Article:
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In Hindu tradition Triveni Sangam is the "confluence" of three rivers. Sangama is the Sanskrit word for confluence. The point of confluence is a sacred place for Hindus. A bath here is said to wash away all of one's sins and free one from the cycle of rebirth.
Triveni Sangam- Prayag (Allahabad)
One such Triveni Sangam, in Prayag (Allahabad) has two physical rivers Ganges, Yamuna, and the invisible or mythic Saraswati River. The site is in Prayag, India. A place of religious importance and the site for historic Kumbh Mela held every 12 years, over the years it has also been the site of immersion of ashes of several national leaders, including Mahatma Gandhi in 1948 
The three rivers maintain their identity and are visibly different as they merge. While the Yamuna is deep but calm and greenish in colour, the Ganga is shallow, but forceful and clear. The Saraswati remains hidden, but the faithful believe that she makes her presence felt underwater. During the monsoon, when the rivers are in full flow, the confluence of the rivers is seen clearly due to the force of the water, but the same force makes having a dip at the confluence difficult. While the Ganges is only 4 feet deep, the Yamuna is 40 feet deep near the point of their nexus. The river Yamuna merges into the Ganges at this point and the Ganges continues on until it meets the sea at the Bay of Bengal. At the confluence of these two great Indian rivers, where the invisible Saraswati conjoins them, many tirtha yatris take boats to bathe from platforms erected in the Sangam. This, together with the migratory birds give a picturesque look to the river during the Kumbha Mela, in the month of January. It is believed that all the gods come in human form to take a dip at the sangam and expiate their sins.
This was the river where an earlier Prime minister of India, Indira Gandhi used to come for a holy dip. On the bank of the Ganges at Daraganj, just before the confluence of ganga and Yamuna, the well known statistician Ravindra Khattree spent his early years when he attended Ewing Christian College, situated on the bank of Yamuna few miles before the confluence and the famous writer "Surya Kant Tripathi 'Nirala'" also spent his whole life at the same place (Daraganj). On the other bank of the river Ganges at Arail is located the Maharshi Institute of Management, named for Maharshi Mahesh Yogi who was a student at the University of Allahabad. The Harish Chandra Research Institute, named after the famous mathematician Harish Chandra from Allahabad, is also located on the same side - in the town of Jhusi.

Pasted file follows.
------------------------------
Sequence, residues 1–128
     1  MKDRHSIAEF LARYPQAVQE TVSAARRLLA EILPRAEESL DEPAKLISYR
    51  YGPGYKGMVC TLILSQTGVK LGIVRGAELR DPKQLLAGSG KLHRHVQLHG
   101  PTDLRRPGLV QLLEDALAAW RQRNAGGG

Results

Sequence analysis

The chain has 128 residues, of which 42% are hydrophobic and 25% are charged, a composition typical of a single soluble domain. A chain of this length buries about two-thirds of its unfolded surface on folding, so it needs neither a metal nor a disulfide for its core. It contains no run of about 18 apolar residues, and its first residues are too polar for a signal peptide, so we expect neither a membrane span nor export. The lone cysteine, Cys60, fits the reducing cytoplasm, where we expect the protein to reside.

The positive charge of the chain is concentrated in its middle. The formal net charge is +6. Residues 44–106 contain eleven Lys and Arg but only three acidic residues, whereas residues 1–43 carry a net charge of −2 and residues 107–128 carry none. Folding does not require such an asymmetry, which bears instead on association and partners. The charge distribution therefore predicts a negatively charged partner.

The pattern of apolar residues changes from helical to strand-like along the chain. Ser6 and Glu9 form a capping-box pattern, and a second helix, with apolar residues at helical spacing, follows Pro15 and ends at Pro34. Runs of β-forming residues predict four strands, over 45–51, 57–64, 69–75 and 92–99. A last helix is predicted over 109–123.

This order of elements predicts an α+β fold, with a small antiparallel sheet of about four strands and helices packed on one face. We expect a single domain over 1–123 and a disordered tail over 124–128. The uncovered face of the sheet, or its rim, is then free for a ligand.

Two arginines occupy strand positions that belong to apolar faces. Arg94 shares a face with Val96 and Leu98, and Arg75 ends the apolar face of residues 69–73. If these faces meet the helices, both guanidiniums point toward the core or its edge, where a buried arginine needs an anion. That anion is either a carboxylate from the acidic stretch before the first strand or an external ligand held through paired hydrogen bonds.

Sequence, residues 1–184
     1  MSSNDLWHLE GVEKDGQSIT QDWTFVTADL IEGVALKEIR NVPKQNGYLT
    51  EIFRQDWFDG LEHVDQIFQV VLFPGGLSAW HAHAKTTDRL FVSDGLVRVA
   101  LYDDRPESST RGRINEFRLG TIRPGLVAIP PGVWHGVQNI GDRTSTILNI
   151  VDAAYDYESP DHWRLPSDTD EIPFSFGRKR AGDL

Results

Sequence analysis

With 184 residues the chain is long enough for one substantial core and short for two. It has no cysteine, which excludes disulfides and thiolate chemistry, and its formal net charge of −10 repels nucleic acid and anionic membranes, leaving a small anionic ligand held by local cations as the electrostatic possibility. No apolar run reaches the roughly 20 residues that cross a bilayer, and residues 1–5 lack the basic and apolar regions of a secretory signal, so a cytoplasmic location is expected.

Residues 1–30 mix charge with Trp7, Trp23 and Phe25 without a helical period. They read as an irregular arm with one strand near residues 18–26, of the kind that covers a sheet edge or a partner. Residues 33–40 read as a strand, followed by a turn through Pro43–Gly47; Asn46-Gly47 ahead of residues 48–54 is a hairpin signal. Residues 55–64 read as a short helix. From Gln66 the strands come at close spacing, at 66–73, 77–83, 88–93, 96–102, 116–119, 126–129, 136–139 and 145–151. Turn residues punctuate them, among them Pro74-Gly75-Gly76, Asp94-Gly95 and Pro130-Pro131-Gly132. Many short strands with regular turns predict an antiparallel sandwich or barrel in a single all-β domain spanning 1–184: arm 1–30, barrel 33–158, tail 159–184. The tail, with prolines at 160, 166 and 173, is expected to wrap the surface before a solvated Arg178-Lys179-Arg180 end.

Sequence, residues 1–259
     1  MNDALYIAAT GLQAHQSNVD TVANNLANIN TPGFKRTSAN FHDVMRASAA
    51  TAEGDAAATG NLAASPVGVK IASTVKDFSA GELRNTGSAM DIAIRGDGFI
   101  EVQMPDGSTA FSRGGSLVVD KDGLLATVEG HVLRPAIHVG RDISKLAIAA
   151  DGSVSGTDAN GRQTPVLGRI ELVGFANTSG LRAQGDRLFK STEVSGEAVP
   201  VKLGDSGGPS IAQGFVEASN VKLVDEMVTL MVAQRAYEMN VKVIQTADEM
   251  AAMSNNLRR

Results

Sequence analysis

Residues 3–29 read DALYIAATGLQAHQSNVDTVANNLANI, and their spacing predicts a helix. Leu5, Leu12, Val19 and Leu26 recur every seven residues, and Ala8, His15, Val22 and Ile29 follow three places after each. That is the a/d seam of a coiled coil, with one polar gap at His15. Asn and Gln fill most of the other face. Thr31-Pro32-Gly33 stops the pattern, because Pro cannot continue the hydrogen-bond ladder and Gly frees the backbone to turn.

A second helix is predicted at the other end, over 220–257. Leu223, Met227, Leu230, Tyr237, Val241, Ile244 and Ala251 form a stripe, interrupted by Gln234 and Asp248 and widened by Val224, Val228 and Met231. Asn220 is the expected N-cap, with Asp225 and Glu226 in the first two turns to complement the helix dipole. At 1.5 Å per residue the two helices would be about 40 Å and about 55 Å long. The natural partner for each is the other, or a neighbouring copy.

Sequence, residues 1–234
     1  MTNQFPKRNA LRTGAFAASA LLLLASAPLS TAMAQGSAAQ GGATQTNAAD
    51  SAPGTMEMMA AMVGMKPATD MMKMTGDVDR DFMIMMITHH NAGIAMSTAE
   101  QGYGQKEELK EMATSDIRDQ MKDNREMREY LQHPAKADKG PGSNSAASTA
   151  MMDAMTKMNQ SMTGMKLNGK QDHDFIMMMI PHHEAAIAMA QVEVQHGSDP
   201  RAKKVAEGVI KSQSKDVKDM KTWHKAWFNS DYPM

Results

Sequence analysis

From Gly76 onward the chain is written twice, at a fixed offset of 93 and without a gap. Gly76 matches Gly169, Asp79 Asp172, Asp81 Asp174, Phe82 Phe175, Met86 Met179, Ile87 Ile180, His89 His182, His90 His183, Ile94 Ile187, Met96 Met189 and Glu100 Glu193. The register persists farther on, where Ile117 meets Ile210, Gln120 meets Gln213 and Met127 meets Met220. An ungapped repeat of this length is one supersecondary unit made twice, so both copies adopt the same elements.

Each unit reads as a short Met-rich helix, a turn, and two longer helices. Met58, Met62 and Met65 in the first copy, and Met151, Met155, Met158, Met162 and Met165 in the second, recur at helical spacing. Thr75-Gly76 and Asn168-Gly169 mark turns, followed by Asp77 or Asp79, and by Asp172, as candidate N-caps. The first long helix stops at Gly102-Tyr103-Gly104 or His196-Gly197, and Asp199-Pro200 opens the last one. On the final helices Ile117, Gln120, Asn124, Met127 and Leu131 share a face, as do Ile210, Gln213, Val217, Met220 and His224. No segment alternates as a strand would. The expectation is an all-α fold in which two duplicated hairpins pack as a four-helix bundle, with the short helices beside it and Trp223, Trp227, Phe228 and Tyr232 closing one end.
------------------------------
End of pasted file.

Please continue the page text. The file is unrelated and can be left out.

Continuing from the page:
The Triveni Sangam is believed to be the same place where drops of Nectar fell from the pitcher, from the hands of the Gods. So it is believed that a bath in the Sangam will wash away all one's sins and will clear the way to heaven. Devout Hindus from all over India come to this sacred pilgrimage point to offer prayers and take a dip in the holy waters. The sacred Kumbh Mela is held every 12 years on the banks of Ganga, Yamuna and Sarsvati at Sangam. According to Hindu tradition, the Prakrista Yajna was performed here by Lord Brahma. That is why Allahabad was known as Prayag in ancient times. Allahabad (Prayag) is also called Tirtha-Raja (Prayag Raj), king of all holy places. It is said that Lord Rama visited Allahabad when he was in exile.
Other Triveni Sangams
Bhagamandala is a pilgrimage place in Kodagu district of Karnataka. It is situated on the river Kaveri in its upstream stretches. At this place, the Kaveri is joined by two tributaries, the Kannike and the mythical Sujyoti river. It is considered sacred as a river confluence (kudala or triveni sangama, in Kannada and Sanskrit respectively).
The Triveni Sangam in Erode is a confluence of 3 rivers, the Cauvery, Bhavani and Amudha. Of these three, the river Amudha is invisible and is said to flow underground and join the other two rivers from below. It is also called as Kooduthurai, where the famous Sangameswarar Temple is located. It is the well-known Tiriveni Sangama of South India.
Tirumakudalu Narasipura, commonly known as T. Narasipura, is a panchayat town in Mysore district in the Indian state of Karnataka. The first name refers to the land at the confluence, (trimakuta in Sanskrit) at the confluence of the Kaveri, Kabini and Spatika Sarovara (a mythical lake or spring, also named Gupta Gamini).This is the place in South India where local Kumbhamela is held every three years.
Kaleswaram is one of the places of the three Shiva temples mentioned in Trilinga Desham (Land of Three Lingams), another name for Telugu speaking region, the Andhra Pradesh, the other two being Draksharamam and Srishailam. This place is also called Dakshina Triveni Sangamam, as two rivers meet here along with third illusionary flow of Antarvaahini. It is said[by whom?] that a long time back one Vaishya has performed abhisheka to Kaleswara Mukteswara with hundreds of milk pots and the milk evolved at the sangamam of Godavari and Pranahita. Hence the name Dakshina Gangotri (other being Allahabad, or Prayaga) 
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- At the Three Rivers TIME, February 23, 1948.
- http://www.mysore.nic.in/photographs/tnp_gp_vill_bnd.pdf Gram Panchayat and Taluk Boundary Map
- Kumar, R. Krishna (2013). "The Hindu : States / Karnataka : Preparations on for regional version of Kumbh mela". thehindu.com. Retrieved 15 January 2013. "The T. Narsipur Kumbh Mela, being held from February 23 to 25, began around 20 years ago and is held once in three years."